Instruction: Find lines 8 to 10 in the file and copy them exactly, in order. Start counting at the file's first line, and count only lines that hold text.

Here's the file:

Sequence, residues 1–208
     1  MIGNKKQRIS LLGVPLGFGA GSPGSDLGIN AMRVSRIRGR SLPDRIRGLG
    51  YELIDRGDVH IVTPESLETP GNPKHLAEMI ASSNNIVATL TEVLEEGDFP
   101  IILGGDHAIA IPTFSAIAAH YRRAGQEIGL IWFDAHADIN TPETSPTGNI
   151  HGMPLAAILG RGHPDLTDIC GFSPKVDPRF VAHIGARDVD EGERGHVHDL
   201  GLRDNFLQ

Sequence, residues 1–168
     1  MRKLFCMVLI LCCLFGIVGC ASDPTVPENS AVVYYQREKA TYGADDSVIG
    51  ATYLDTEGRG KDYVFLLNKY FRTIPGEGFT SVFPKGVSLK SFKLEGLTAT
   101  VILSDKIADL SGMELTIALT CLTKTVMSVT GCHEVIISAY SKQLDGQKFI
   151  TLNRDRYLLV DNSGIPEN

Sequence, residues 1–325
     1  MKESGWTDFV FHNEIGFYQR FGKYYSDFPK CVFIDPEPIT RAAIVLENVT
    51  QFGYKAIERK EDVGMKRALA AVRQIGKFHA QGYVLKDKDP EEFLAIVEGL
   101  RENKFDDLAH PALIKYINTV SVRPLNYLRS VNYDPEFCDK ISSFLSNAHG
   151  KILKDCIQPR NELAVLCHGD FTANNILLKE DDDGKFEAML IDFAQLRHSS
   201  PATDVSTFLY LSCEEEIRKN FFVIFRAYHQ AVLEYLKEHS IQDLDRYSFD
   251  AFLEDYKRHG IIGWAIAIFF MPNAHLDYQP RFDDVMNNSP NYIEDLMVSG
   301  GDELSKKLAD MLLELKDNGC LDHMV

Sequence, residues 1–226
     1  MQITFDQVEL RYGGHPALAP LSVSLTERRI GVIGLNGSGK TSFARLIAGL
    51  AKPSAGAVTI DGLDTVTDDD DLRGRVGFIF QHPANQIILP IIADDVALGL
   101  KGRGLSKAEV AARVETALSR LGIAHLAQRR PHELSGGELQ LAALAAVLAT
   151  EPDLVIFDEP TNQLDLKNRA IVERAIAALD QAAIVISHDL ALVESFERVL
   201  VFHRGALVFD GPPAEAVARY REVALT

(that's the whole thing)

     1  MRKLFCMVLI LCCLFGIVGC ASDPTVPENS AVVYYQREKA TYGADDSVIG
    51  ATYLDTEGRG KDYVFLLNKY FRTIPGEGFT SVFPKGVSLK SFKLEGLTAT
   101  VILSDKIADL SGMELTIALT CLTKTVMSVT GCHEVIISAY SKQLDGQKFI